One of the questions that arises in a Church plant is exactly how much one’s worship should be geared toward evangelism. This is not just a question of worship styles, but also of sermon content (does the preacher assume a certain level of Christian commitment on the part of those in the congregation for example). I have been attempting to walk that line at St. Francis. The following are some articles on the subject that have been helpful.
Touchstone: “Sunday Guests” by Peter Toon
I recall the days when the Salvation Army called the Sunday morning service the “Holiness Meeting” and the evening service “Evangelism Meeting.” That is a careful and workable distinction between a service of worship, edification, and calls unto holiness for believers, and a service to which others were invited with a view to converting them to Jesus Christ. Many churches today, especially those much into “church growth,” have conflated, confused, and complicated the relation of evangelism to worship.
Touchstone: “Guide for the Ceneplexed” by John Parker
The cinema concept was already in place at the church on Sundays: early-morning “traditional” Communion service with no music in the neo-gothic historic chapel, with the celebrant in cassock and surplice; a 9:00 “contemporary” Communion service in the parish hall, complete with praise band and torchiere lighting to set the mood, and the service projected on the wall; a concurrent 9:30 prayer service for children and their families in the old church, with the celebrant only in an alb; an 11:00 traditional Eucharist with full, vested choir in the chapel, with the celebrant in chasuble; and a concurrent free-flowing 11:15 service, which went beyond contemporary, with bands, skits, and so forth, and definitely no vestments. The concept was this: We’ve got something for everyone, and at every standard Sunday morning hour.
From Allelon: “Worship as Evangelism” by Sally Morgenthaler
Two years ago I taught my last seminar focused solely on worship. A year ago I disbanded my worship resource site, Sacramentis. My colleagues were concerned. How could I leave the work I’d begun? Did it mean I no longer believed worship was important? Who was going to take up the torch of worship evangelism? Was I just going to waste my legacy? Was I crazy?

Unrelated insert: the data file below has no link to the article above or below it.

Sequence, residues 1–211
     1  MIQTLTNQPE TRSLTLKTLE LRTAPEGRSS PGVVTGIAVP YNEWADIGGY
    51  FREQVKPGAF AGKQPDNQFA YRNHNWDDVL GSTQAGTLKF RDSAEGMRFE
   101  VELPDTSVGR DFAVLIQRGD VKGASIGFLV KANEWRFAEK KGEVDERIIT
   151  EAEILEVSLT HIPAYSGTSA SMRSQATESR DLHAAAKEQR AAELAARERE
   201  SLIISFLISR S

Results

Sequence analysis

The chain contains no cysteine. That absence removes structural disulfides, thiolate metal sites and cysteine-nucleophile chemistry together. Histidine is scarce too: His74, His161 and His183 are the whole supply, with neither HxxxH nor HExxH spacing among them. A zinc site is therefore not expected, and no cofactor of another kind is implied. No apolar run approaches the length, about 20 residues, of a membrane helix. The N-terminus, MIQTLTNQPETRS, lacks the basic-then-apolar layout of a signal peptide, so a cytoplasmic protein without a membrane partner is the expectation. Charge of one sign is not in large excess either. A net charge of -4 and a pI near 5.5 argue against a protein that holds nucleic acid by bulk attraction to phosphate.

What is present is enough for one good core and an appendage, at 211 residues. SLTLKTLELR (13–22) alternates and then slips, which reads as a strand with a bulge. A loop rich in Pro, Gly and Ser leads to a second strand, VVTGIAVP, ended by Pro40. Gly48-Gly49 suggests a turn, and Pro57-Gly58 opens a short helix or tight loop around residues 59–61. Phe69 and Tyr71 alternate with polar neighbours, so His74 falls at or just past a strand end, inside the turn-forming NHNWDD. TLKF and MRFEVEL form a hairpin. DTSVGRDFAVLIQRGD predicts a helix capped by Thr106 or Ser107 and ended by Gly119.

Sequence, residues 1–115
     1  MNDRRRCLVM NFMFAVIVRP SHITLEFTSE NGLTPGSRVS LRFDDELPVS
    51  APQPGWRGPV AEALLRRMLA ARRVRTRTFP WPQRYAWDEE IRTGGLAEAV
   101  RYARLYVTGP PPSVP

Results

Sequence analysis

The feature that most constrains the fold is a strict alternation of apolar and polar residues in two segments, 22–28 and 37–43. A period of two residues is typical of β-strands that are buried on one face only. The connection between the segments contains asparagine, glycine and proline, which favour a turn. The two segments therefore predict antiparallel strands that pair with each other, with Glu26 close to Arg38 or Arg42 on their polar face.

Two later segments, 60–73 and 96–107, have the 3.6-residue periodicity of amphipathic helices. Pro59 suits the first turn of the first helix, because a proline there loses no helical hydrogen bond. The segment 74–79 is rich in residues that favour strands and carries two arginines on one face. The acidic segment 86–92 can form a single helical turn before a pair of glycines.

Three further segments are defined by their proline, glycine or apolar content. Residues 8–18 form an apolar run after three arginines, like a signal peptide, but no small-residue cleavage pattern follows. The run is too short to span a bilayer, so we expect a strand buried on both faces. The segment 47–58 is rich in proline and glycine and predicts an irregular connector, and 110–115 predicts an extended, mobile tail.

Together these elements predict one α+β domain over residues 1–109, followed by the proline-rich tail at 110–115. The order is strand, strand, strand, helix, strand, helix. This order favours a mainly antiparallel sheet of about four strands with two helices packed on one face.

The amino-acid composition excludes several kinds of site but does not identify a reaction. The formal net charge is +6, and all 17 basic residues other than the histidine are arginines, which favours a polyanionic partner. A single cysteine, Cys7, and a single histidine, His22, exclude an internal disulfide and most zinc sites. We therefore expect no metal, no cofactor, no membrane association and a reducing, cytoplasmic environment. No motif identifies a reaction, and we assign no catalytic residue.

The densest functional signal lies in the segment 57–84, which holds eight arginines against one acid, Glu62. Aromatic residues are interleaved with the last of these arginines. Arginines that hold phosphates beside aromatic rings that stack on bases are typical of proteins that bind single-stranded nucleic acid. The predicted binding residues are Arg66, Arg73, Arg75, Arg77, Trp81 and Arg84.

Maybe I was, but a storm had been brewing in my soul for five long years. I remember meeting with the worship leader of a well-known church in the fall of 2000. He had followed my work and respected many of my viewpoints. When we met
over coffee, he shared a concern he’d had for a while over my book Worship Evangelism. In his view, Worship Evangelism had helped to create a “worship-driven subculture.” As he explained it, this subculture was a sizeable part of the contemporary church that had just been waiting for an excuse not to do the hard work of real outreach. An excuse not to get their hands dirty. According to him, that excuse came in the form of a book—my book. He elaborated. “If a contemporary worship service is the best witnessing tool in the box, then why give a rip about what goes on outside the worship
center? If unbelievers are coming through the doors to check us Christians out, and if they’ll fall at Jesus’ feet after they listen to us croon worship songs and watch us sway back and forth, well then, a whole lot of churches are just going to say, ‘Sign us up!’ ”
To be honest, I wasn’t surprised. The attitude he described certainly didn’t fit every congregation out there in contemporary-worship-land, but it matched too much of what I’d seen. The realization hit me in the gut. Between 1995 and
2000 I’d traveled to a host of worship-driven churches, some that openly advertised that they were “a church for the unchurched.” On the good occasions, the worship experience was transporting. (I dug a little deeper when that happened. Invariably, I found another value at work behind the worship production: a strong, consistent presence in the community.) Too many times, I came away with an unnamed, uneasy feeling. Something was not quite right. The worship felt disconnected from real life. Then there were the services when the pathology my friend talked about came right over the platform and hit me in the face. It was unabashed self-absorption, a worship culture that screamed, “It’s all about us” so loudly that I wondered how any visitor could stand to endure the rest of the hour.
Anybody have any other helpful resources?